GSA honors cutting-edge federal buildings

By Suzanne Kubota
Senior Internet Editor

The General Services Administration recently awarded its 2010 Design Awards. Sixteen awards were presented for eleven projects on the cutting-edge of architectural design.

GSA’s Chief Architect told Federal News Radio that because of their quality and innovation, they are all “great workplaces for federal workers to be.”

Les Shepherd said the projects had two common strengths: sustainability and energy efficiency.

U.S. Land Port of Entry, Warroad, Minn. – Architecture and Interior Design Honors; Construction, Engineering, Landscape Architecture Citations. (GSA photo)

For example, when asked for his comments about the big winner this year, Shepherd described the U.S. Land Port of Entry in Warroad, Minnesota as a “great project. Just real clean, fully integrated, also had energy saving features – had ground source heat pumps so the building not only operates great, looks great and also energy efficiency. It’s going to, for the long run, be cheaper to operate.”

And that, he said, is the direction federal buildings are headed.

“I think that it’s representative that federal buildings are going to be more sustainable, more energy efficient. A big part of the recovery program was putting energy efficiency and sustainability into the existing inventory GSA has, and also with the new buildings we’re commissioning for them to be energy efficient. LEED-Gold certified is standard for GSA now.”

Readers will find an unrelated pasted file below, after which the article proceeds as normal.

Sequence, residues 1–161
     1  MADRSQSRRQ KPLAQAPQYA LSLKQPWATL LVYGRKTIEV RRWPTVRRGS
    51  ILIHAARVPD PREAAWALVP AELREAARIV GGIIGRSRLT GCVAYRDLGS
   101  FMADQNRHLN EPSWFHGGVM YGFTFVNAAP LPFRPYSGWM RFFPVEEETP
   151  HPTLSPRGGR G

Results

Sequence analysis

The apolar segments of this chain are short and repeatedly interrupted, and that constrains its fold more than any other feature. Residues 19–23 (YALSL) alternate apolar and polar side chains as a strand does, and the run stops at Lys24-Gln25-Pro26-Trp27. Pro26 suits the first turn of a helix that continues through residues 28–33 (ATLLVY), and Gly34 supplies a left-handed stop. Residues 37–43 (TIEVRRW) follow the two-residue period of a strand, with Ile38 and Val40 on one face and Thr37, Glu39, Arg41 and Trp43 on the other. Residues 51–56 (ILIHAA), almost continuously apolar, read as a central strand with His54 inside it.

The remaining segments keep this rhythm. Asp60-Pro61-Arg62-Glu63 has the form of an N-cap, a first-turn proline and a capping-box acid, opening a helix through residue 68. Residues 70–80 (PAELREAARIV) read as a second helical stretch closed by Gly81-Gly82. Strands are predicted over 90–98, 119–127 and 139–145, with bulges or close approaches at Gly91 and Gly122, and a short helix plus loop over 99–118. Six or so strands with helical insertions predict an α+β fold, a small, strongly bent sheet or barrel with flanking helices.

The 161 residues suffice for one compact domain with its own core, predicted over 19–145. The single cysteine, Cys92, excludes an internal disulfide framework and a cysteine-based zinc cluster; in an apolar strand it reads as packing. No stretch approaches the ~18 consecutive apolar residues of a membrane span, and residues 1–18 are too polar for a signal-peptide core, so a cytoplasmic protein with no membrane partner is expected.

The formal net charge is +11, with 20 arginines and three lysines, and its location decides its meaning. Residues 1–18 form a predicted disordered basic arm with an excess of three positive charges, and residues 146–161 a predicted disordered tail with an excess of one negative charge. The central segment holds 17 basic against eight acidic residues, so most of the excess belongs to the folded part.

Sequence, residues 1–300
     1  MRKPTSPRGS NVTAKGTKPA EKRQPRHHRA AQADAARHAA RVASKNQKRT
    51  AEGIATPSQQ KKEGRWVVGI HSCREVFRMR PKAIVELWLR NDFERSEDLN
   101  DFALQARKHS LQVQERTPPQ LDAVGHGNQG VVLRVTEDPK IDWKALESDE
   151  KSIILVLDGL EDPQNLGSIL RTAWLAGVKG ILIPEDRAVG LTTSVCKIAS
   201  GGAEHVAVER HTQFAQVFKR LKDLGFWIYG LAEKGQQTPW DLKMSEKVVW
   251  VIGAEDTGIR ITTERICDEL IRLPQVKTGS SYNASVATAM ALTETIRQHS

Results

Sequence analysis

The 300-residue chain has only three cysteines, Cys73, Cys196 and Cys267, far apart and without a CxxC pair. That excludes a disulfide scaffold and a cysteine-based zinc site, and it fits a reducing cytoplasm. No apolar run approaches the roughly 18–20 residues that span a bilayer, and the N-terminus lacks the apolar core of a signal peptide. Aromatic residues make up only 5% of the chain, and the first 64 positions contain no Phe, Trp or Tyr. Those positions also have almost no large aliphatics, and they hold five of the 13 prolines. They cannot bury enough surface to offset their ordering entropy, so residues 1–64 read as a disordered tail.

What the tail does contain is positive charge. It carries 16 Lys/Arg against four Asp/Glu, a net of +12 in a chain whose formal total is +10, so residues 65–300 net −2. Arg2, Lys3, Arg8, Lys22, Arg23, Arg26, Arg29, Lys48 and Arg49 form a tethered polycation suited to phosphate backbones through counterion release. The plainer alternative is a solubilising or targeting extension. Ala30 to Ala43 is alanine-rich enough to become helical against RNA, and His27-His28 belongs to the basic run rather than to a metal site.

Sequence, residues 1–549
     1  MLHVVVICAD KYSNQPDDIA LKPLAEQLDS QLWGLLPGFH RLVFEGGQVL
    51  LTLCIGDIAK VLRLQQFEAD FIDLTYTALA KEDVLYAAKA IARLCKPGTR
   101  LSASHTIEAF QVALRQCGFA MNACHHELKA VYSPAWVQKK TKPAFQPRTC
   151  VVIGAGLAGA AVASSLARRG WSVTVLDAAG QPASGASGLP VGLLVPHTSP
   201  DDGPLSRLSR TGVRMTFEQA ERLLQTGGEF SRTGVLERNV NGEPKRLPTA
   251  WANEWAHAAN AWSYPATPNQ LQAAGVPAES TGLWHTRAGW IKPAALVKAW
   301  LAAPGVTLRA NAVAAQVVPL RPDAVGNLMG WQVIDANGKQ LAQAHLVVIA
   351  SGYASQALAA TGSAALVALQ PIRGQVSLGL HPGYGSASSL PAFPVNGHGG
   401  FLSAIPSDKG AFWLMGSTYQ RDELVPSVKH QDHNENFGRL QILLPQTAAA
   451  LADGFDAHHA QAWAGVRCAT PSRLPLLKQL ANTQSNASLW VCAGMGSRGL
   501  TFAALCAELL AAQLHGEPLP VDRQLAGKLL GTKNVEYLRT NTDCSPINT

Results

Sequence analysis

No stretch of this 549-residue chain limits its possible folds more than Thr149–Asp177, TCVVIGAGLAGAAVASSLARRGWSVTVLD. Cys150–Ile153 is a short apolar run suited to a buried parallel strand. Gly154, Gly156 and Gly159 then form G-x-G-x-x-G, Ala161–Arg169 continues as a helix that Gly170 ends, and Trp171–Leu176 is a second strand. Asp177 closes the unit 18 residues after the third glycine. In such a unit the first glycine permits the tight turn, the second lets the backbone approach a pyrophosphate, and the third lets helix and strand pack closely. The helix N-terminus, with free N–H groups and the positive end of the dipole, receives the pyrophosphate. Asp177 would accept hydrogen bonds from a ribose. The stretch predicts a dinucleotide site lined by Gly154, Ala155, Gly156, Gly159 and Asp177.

Fortunately for the federal employees who work in the buildings, “worker comfort and satisfaction is a large part of what drives sustainability.”

Shepherd said he sees the future of all architecture in this year’s award winners.

Sustainability and the energy requirements of a building are starting to effect the architecture sort of in the same way as when you had elevators were invented and you started having high-rises. Now that sustainability is such an important factor in a building, you’re seeing buildings designed differently so that there’s more natural daylight, the distance to a window is tighter, the envelope is designed better. We had two design award winners this year that have double skins. It’s starting to shape the exterior expression of the building, which is completely appropriate.

Adding a bit more pressure, said Shepherd, is knowing that federal buildings are expected to last. For example, he called federal courthouses “100-year buildings” so “building quality into that building becomes really important,” because “it’s got to live past us and it’s a big responsibility.”

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